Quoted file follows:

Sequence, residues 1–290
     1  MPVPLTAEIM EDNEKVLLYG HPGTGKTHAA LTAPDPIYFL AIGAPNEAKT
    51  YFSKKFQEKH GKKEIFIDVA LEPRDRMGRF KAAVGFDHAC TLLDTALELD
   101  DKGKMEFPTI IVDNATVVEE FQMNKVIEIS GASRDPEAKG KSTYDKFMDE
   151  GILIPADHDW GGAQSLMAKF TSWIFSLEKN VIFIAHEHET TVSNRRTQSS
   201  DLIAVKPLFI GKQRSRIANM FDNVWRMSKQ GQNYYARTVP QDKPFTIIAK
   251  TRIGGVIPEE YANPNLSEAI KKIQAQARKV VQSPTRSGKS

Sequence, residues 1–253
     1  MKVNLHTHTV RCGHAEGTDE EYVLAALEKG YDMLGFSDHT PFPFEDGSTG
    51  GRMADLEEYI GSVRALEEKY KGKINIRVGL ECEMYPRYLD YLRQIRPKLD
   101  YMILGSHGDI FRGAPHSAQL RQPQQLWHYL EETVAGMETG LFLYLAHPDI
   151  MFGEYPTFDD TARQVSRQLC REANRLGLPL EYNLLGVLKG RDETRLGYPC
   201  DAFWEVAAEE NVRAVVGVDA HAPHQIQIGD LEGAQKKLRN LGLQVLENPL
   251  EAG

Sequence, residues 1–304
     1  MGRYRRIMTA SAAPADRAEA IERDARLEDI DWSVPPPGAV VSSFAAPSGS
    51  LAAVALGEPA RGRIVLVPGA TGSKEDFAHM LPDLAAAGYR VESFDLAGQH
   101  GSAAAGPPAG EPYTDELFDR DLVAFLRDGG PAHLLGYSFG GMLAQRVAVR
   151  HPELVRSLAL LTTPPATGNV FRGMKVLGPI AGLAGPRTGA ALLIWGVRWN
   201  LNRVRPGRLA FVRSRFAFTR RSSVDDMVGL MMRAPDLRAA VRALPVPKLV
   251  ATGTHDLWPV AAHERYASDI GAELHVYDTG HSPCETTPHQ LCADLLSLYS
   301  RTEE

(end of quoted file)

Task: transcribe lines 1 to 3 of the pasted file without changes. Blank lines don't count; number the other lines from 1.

Sequence, residues 1–290
     1  MPVPLTAEIM EDNEKVLLYG HPGTGKTHAA LTAPDPIYFL AIGAPNEAKT
    51  YFSKKFQEKH GKKEIFIDVA LEPRDRMGRF KAAVGFDHAC TLLDTALELD